She is a proud Kansan and is the fourth generation of hre family to be born and raised in Central Kansas. Meg holds B.A.s in Political Science and Communications from the University of Pennsylvania and an MPP from Harvard University's John F. Kennedy School of Government.
Nirvikar Jassal (Minerva-USIP Peace and Security Scholar)
“Representation in Force: Gender, Ethnicity, and the Modern Indian Police”
University of California, Berkeley, Department of Political Science
Nirvikar Jassal's dissertation examines whether representation for disparate groups in law enforcement improves trust in the police as well as reduces intergroup and intersex violence. In the United States, research suggests that women’s representation in law enforcement is associated with improved levels of police legitimacy. Studies on greater representation of minorities (e.g. hiring more black and Latino police officers) have found mixed results in terms of better policing or improved perceptions of law enforcement. Jassal extends this line of inquiry to the global south by leveraging unusual policy initiatives in India, i.e. a quota for women and low-caste groups in law enforcement as well as the erection of specialized police stations that are run by and cater to select communities.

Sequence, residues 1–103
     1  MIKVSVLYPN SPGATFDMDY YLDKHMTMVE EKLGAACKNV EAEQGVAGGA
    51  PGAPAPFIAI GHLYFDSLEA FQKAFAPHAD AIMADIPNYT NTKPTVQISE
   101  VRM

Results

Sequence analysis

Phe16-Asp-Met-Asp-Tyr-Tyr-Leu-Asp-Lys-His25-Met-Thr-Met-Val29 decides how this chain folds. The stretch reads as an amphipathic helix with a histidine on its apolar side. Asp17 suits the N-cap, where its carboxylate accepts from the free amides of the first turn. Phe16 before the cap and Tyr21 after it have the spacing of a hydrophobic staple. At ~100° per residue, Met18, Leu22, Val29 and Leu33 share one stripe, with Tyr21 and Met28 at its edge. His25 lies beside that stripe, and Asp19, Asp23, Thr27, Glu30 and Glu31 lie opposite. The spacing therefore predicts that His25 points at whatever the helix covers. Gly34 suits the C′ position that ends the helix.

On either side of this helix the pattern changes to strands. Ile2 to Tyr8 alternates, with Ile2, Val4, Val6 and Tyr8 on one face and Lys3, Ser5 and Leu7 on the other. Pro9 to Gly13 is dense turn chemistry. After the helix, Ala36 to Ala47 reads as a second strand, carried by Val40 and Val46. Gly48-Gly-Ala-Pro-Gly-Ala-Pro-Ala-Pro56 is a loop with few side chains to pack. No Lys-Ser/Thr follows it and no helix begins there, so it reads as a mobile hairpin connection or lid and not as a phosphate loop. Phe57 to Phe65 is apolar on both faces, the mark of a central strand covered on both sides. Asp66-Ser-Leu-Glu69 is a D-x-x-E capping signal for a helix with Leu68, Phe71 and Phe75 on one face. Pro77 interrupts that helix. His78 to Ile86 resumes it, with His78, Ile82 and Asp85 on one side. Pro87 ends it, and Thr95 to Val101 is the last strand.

Using experimental methods, a nationally representative survey, crime data, and shoe-leather research, his research probes whether the presence of disadvantaged groups in law enforcement alters attitudes and behavior on the part of both officers as well as citizens in the developing world. His research has been supported by the Jameel Poverty Action Lab at MIT, the Center for Experimental Studies at Oxford Nuffield-FLAME, the Department of Economics at UC Berkeley, and the Institute for International Studies.
Prior to joining UC Berkeley, Jassal worked at the Council on Foreign Relations where he assisted in the development of the organization's Model Diplomacy Initiative. He also served as a media analyst in the office of Mayor Michael Bloomberg. He earned a BA from Columbia in 2010, and an MSc from Oxford in 2012.
Angela Lederach (USIP-Jennings Randolph Peace Scholar)
“’Feel the Grass Grow’: Practices and Politics of Slow Peace in Colombia”
Notre Dame University, Department of Anthropology